Let’s look at the bow. While it did have a longer range than the early muskets it did little damage at longer ranges. Especially if fired in an arch.

So, the musket can pierce armor, what about the bow and arrow?

Not always.

While the bow and arrow are great weapons its effectiveness in piercing any armor is predicated upon it being fired as straight toward the enemy as possible. This maximized its piercing power. But it limited its range.

An arrow fired from a medieval bow at a close range could pierce medieval armor plating fairly easily, but the piercing power diminished with distance. The further away the target was the less damage the arrow caused.

If an arrow was fired in an arch the arrow would reach the top of the arch and then start falling toward the ground on its own weight. It would not have the force of the bow propelling it toward the ground, just gravity.

So, an arrow falling down on the earth was often not enough to pierce the toughest of armor worn by knights in the medieval ages.

How Well Did The Musket And The Bow Function In Different Climates?

Well, not very well. They both sucked.

The Mongol Empire in the 13th century made several invasions or raids into the Indian subcontinent and each time they had trouble with their bows.

The fact is composite bows i.e. Mongol bows don’t work well in humid climates. The composite bows are made by gluing several materials together, as you can see in this article if you click here.

The wet climate dissolves the animal glue holding the materials of the composite bow together. If the glue falls apart then so does the actual bow.

It is one of the reasons why composite bows were widely in use in arid climates of the Middle East and Asia. Elsewhere, the technology of building bows had to take different turns.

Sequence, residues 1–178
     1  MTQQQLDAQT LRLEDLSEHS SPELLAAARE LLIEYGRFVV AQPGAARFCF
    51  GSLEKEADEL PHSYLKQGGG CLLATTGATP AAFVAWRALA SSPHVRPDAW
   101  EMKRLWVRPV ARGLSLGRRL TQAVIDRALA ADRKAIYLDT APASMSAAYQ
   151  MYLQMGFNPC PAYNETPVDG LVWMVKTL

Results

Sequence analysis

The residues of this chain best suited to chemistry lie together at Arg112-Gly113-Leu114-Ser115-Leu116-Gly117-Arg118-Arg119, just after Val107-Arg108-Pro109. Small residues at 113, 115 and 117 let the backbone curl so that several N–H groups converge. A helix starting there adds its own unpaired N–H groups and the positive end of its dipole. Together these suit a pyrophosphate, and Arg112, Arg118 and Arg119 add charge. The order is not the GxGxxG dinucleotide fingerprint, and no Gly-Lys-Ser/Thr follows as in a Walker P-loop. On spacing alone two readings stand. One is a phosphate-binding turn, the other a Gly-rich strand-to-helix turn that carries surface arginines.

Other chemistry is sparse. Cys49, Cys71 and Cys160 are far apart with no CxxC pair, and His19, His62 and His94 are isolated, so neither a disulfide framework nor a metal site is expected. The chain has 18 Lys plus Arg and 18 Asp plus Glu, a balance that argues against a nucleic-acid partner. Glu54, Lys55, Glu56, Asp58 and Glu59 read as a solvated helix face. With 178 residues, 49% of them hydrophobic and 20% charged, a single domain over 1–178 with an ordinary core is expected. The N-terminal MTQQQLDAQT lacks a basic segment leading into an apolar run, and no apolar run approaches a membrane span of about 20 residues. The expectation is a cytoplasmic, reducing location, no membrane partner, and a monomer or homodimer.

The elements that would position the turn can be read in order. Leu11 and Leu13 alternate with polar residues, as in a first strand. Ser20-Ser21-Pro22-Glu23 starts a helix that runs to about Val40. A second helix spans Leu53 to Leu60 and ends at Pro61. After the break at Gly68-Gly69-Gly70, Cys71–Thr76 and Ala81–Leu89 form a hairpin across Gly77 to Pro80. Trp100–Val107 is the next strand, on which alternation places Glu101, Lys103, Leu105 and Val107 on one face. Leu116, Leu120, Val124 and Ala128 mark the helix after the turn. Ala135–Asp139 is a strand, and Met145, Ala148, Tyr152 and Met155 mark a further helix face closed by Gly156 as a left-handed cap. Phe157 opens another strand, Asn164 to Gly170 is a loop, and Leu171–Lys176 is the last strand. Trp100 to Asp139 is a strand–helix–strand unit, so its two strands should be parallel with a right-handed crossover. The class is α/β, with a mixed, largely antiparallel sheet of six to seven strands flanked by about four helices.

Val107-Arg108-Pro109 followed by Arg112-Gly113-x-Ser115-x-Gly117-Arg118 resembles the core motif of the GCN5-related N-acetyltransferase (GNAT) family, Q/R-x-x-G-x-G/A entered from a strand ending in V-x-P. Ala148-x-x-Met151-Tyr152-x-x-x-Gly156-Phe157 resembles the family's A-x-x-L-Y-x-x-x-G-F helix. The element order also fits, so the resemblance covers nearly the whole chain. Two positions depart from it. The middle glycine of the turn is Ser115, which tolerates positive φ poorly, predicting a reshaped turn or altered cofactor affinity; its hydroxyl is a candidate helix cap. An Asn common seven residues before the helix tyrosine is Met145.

Now, modern bows do not have any humidity problems, since most have a protective coating on them to protect them from excessive moisture.

The Medieval bows did not have that.

The Arrow Fletchings In The Rain

The added concern of firing arrows generally was not a problem in humid climates but the arrow fletching. Meaning the feathers on the arrow lose their ability to stabilize the arrow when they are wet. So, while yes, technically you could shoot arrows for a while, they just lost any sense of accuracy.

This made shooting arrows in the rain next to useless.

How Did The Musket Perform In The Rain Or Humid Climate?

Poorly. As you well know muskets operated on gunpowder. Meaning if the powder got wet then it wouldn’t fire. There was that.

And the old matchlock muskets operated with a piece of string that was light on fire to ignite the gunpowder. If you could keep that fuse lit then the musket became useless.

Key components of a musket

So any kind of moisture disabled the 2 most important pieces of a musket.

  1. The gunpowder used to propell the musketball towards the enemy.
  2. The fuse which was used to ignite the powder

Humidity and the rain disabled those two vital pieces. So, the army’s most important task was to keep the powder dry in wet climates and to ensure the fuse stayed lit.

Let’s determine once and for all, is a musket a more effective weapon.

Are Muskets More Effective Than Bows?

The musket was a far superior weapon to the bow and arrow because it inflicted more damage on the enemy’s soldiers while costing less than a bow and an arrow. And while it was far less accurate than the bow, it was far easier and cheaper to train and maintain an army of musketeers than an army of archers.

The musket won because it was cheaper.

You can boil the entire argument to that. It was cheaper to raise and maintain an army with muskets and it caused more damage than an arrow, which is why the musket was a clear favorite for the battlefield at the time.

For a more detailed breakdown of what damage an arrow does versus a bullet click here for an article on arrows vs. bullets.

And go here to see what arrowheads were made of thorough history.

If you want to take a look at more modern bows and other archery equipment I invite you to click here. It will take you to Amazon where you can see the top line archery equipment and compare it to see which one fits you the best.

Take care